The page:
I must mention food. Pierre is an excellent chef and we were totally spoiled with his creations! Every morning during breakfast, we would be presented with the four course meal menu for that night. If you don’t like something or have an allergy- you can tell the  staff then, so it can be modified for dinner. We enjoyed every single bite! Oh, and right near the dock, around dinner time sharks would come and circle around the light! On our last night there, we saved some scraps of food and ‘shared’ πŸ™‚ .

Side note- half board meals are mandatory while staying at this resort. What that means is that breakfast and dinner are included, but the cost is not part of the room cost. You pay for it at the end of the stay and it’s not cheap- it came to be around $180 per person per day. You can buy lunch there as well, but we opted out of that and would have light snacks that we brought when coming to the island.

Travel tip: I mentioned before and I will do it again- bring your own collapsible cooler. I cannot say how handy it was while on this trip. For example, water is not free at any  restaurant or resort. However, typically you can bring your own bottle of water. So we would buy a 6 pack of 1.5 liter bottles in the store and take it with us on the island trips, excursions, even bring to a restaurant. In Bora Bora, 500 ml water bottle cost $6 at the resort restaurant. While in the store you can get 1.5 Liter one for $1! The cooler was super convenient packing any fruits, snacks, cheese etc. and having a picnic/light lunch mid day. It also served as a carry-on item for the flights between the islands. We would stuff it with water, food or anything that did not fit in the luggage and nobody said anything at the security. There is no need to get rid of your water no matter how big the bottle is going from one island to another. Another tip:  Buy your alcohol either at Duty Free at the airport or at the local stores in the islands. You can bring your own wine for the dinner at the resort and pay just a small corking fee. You can also bring opened or full wine bottles on the flights from one island to the next. I put it in the same cooler and nobody ever said a thing. Trust me, cost of food alone is very high in French Polynesia, so having your own alcohol definitely helps to reduce the bill at the end of the night.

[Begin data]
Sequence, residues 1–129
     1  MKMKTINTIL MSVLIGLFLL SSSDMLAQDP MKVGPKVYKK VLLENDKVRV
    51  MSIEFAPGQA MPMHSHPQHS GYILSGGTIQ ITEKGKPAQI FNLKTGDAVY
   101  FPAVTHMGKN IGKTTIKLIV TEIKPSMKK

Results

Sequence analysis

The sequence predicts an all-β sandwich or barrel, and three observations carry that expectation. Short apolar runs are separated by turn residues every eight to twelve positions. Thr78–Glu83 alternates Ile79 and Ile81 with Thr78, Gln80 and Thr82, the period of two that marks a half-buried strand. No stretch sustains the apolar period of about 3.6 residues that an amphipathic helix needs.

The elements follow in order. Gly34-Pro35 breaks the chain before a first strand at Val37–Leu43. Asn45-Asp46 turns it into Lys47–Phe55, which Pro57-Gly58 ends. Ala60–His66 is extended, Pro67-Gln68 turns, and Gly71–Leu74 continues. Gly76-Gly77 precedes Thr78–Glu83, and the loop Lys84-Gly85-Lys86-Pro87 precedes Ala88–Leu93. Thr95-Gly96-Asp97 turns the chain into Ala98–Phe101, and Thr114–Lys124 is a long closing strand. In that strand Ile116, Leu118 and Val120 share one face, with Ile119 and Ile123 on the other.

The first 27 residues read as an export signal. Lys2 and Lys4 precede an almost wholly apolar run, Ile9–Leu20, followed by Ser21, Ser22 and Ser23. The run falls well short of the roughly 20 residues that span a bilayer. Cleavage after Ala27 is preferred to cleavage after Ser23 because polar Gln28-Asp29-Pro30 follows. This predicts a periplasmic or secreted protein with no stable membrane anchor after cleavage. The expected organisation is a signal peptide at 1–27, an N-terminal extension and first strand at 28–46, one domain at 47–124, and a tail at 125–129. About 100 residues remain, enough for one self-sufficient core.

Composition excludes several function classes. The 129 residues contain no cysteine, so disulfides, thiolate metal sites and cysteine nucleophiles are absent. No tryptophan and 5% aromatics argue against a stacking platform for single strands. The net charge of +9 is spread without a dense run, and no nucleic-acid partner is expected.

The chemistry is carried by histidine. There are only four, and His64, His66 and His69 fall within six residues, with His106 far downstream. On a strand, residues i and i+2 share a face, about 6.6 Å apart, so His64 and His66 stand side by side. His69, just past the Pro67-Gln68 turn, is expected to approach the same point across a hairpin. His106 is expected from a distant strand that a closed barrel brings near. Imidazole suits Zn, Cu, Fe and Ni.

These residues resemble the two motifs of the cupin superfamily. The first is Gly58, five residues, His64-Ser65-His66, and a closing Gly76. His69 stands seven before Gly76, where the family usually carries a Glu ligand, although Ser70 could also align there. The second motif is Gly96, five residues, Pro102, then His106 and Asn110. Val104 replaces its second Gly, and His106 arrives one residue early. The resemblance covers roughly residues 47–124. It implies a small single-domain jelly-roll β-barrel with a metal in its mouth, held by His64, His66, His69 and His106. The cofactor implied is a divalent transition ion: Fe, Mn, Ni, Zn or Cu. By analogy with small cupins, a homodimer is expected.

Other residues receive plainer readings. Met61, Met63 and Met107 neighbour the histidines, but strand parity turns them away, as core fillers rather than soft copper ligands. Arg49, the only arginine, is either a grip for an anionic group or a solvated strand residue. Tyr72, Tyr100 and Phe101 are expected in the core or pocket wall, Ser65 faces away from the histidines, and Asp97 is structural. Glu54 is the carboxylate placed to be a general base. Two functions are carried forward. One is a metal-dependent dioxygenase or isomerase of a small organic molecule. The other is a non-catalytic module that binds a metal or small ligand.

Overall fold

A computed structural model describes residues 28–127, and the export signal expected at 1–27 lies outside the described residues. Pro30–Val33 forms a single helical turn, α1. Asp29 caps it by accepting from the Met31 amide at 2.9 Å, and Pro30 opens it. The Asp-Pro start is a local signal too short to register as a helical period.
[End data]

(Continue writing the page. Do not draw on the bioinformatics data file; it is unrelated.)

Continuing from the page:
Taha’a Island Tour

As we were staying so close to “Vanilla Island”, it felt wrong to not go and actually see it. With Elizabeth’s help we booked a half a day tour with Poe-Rani Tours and we were very glad we did it. Our chef (who can also drive a boat when need be!) dropped us off at the pier in Taha’a, where Aro, our personal guide picked us up in a similar 4X4 truck that we did the safari in Tahiti. IMG_9800There was no offroading here, we literally circled around the island on a very well paved road- the only road that goes all around Taha’a. The guide was super informative, friendly and funny. We stopped along the way for the views of the bays, Aro even picked up a land crab and showed us up close how he can hold a stick πŸ™‚ .

We got a lesson on how to make a flute (the real Tahitian way, you play it with your nose, not the mouth! “Playing from the heart”), stopped at vanilla farm, pearl farm and learned how the pearls are grown (I never knew they are not naturally round, the roundness comes from the little balls that are cut out of Mississippi River shell and inserted into the oyster!).

For a light lunch, our guide opened a coconut, we had a refreshing coconut water for a drink, and then he shredded the same coconut and we ate it with ripe bananas! Local, tasty and healthy!

The time went by way too fast, but we enjoyed Vahine Island Resort to the fullest. We made a promise to return for our 10th year wedding anniversary, providing all goes well and we don’t find another more magical place on Earth to go to πŸ™‚ .